PARADOX. Seinfeld's audience actually shrank a bit in the past season, while NBC's total audience shrank by a sobering 10%. Even so, the network handed in a stellar financial performance (charts, page 120).

What's going on? Paradoxically, as the big networks lose viewers, advertisers will pay more for the shows that reach a huge audience in one fell swoop. NBC's top programs--such as Seinfeld, ER, and Friends--are the closest big advertisers can get to achieving critical mass. This is not just about pure reach, though. Seinfeld is the No.1 comedy, sure, but it also has cachet: Advertisers want to be at the most exclusive party. ''There's so much coming at people, and they're tired of it,'' says Philip Guarascio, vice-president for advertising and marketing at GM. ''So when you look at putting together ad plans, you have to account for media fatigue. What is it that wakes you up?'' Big shows like Seinfeld and ER. Increasingly, undistinctive, unpromoted programs will fall out of favor.

That advertising benefit isn't limited to Seinfeld. The show's nine 30-second ad slots each week have become so precious that blue-chip advertisers often agree to buy time on the network's less desirable shows just to get on Seinfeld. Advertisers' fever over Seinfeld means that other shows on NBC get a spillover pickup in ad rates. ''They act like they're giving away their children when they [sell time on] Seinfeld,'' says Paul Schulman, who buys about $175 million worth of TV time annually.

In fact, Seinfeld has changed the economics of television, and the effects are felt widely. At 11 p.m. on a recent Wednesday night in New York, a six-year-old Seinfeld rerun (about a white cashmere sweater with an unfortunate red dot) clobbered all the network-affiliate news shows, even WNBC's. The lucky station that has the syndication rights to Seinfeld reruns in New York, WPIX, even won the February Nielsen sweeps for the entire late-night time period. ''Without exaggeration, it has changed viewing patterns in New York,'' exults WPIX station manager Paul Bissonette, who notes that the station is getting prime-time-level ad rates for the reruns.

Then there's the ripple effect on the demands that TV stars might now make for big raises. The industry is abuzz over the rich packages snared by the Seinfeld stars. ''We've been talking a lot among ourselves about this,'' says Brooke Shields, star of Suddenly Susan, which will lead into a Monday night of comedy on NBC. ''The stakes are higher now for everyone.'' Naturally, the people left picking up the tab for pricier talent are less sanguine about the idea. ''Everyone wants to reach out and strangle NBC,'' says Jack Fentress, director of programming at Petry Media Corp., which sells commercial time for TV stations. The eye-popping Seinfeld paychecks ''create problems not only with supporting actors but with leading actors in hit shows that aren't making as much as Seinfeld's supporting cast. Who's going to absorb these costs?''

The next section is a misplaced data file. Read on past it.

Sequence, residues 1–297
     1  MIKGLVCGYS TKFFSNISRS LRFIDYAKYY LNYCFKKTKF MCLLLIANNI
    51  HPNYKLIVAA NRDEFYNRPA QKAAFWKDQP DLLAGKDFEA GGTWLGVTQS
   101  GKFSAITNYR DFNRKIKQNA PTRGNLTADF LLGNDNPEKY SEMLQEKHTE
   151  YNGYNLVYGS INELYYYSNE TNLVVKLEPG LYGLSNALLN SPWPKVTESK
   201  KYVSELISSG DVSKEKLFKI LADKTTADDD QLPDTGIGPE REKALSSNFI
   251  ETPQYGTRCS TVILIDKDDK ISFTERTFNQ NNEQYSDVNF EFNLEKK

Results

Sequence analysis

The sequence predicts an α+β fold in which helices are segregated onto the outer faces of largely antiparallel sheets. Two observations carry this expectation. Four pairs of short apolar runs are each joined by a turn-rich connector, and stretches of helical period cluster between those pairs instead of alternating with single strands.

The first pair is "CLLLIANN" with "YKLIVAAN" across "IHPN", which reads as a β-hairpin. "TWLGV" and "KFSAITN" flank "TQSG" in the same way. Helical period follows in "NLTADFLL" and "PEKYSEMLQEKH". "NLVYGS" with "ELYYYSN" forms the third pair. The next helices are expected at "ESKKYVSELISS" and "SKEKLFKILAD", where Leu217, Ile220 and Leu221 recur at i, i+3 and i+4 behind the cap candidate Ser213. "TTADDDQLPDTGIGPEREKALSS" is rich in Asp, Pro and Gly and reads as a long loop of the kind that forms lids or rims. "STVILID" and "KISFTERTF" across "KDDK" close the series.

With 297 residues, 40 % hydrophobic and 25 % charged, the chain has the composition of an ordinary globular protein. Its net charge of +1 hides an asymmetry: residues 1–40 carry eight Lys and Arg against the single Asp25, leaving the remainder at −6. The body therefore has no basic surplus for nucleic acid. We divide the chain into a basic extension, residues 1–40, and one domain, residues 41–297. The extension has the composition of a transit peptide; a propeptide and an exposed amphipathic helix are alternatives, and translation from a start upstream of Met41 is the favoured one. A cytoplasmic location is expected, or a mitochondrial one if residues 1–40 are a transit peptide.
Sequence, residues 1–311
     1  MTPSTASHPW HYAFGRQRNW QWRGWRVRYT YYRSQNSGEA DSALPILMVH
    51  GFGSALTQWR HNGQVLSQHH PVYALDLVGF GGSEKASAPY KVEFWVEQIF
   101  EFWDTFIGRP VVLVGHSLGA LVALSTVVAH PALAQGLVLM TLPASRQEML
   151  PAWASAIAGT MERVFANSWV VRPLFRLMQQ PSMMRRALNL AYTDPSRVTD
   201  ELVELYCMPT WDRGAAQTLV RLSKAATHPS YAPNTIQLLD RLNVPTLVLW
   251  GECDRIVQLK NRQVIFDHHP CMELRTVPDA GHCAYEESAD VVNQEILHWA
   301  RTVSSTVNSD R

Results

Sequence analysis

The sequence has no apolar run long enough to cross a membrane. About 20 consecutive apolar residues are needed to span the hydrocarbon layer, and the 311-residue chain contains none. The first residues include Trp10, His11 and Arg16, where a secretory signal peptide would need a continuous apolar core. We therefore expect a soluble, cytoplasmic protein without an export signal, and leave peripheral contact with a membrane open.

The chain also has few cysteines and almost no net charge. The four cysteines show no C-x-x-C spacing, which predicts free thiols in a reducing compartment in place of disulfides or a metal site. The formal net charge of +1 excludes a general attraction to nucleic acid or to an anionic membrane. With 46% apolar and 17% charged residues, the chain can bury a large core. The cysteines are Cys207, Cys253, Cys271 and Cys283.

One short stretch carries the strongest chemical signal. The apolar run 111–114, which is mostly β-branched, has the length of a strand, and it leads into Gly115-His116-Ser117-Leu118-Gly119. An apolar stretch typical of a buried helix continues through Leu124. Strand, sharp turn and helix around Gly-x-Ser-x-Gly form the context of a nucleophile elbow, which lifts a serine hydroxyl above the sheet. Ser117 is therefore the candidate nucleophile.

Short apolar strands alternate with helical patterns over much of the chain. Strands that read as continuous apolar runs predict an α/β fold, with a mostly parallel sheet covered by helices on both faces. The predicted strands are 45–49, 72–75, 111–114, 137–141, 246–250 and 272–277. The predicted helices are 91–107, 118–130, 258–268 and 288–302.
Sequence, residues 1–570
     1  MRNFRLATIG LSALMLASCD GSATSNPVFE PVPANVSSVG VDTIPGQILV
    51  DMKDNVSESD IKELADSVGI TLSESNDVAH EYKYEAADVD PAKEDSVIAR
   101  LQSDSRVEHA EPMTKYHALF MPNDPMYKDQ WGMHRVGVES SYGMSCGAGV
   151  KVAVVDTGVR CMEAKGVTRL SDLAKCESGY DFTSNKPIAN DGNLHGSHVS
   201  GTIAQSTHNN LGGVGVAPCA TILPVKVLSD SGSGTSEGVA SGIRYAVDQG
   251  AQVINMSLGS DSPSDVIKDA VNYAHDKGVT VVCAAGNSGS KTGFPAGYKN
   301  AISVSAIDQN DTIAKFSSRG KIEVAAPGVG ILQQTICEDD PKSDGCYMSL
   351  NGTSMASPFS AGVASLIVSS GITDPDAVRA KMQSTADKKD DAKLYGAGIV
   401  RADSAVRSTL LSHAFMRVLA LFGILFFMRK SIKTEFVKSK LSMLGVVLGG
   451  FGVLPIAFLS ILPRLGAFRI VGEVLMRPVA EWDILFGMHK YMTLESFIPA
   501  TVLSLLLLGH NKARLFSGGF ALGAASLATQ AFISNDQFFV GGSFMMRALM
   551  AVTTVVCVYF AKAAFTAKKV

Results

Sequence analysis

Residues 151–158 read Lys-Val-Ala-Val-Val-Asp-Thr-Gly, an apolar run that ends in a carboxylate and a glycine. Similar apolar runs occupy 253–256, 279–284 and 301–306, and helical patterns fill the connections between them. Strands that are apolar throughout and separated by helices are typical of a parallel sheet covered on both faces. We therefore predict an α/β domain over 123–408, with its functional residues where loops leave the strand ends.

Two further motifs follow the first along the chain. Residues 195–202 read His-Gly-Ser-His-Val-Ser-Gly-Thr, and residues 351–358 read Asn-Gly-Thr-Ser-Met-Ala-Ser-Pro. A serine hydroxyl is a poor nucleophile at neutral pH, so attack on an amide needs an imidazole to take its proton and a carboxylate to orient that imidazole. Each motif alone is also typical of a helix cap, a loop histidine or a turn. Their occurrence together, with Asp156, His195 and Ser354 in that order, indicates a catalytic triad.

HUMBLE START. Ironically, Seinfeld was a program NBC barely wanted when it premiered in 1989, and the series' ratings were middling for years. Director Rob Reiner, head of Castle Rock Entertainment, the show's producer, had to implore NBC execs to give the show a chance. Despite its humble beginnings, Seinfeld became a hit in 1993, after NBC gave it a break and scheduled it after the popular Cheers on Thursday nights. It was a tried-and-true tactic for the network, which has been dominant on Thursdays for more than a decade, as it funneled the strength of The Cosby Show into Family Ties, Cheers, and then Seinfeld.

Since then, Seinfeld has returned the favor. Shows placed in the half-hour before and after Seinfeld's 9 p.m. Thursday berth have benefited, because millions of viewers got into the habit of watching them. ''You could read the phone book after Seinfeld and get a 25 [percent] share,'' says Steve Sternberg, a partner at BJK&E Media Group, the media-buying arm of Bozell Advertising. Over the years, Frasier, Mad About You, Caroline in the City, and Suddenly Susan have enjoyed the Seinfeld Effect. It's not foolproof: The Single Guy was canceled this season after it failed to make it on its own. Nonetheless, of the 17 new or returning sitcoms on NBC's new schedule, seven are or were placed next to Seinfeld at some point. Anchored by Seinfeld, ''Thursday is our Cape Canaveral,'' notes Littlefield.

NBC furthered its ratings dominance by seeding new nights with Seinfeld spore. Frasier has made NBC strong on Tuesday, and the network hopes that Caroline in the City, Suddenly Susan, and The Naked Truth will do so on Mondays this season.

What's more, NBC has neatly turned Seinfeld's Thursday-night dominance into a dominance of prime time, which in turn lures viewers to its offerings in mornings, late night, and evening news. NBC reigns in all those areas. With the network's programs delivering such high ratings, NBC wins a second time as its own 11 TV stations, with their 55% margins, send huge profits back to headquarters.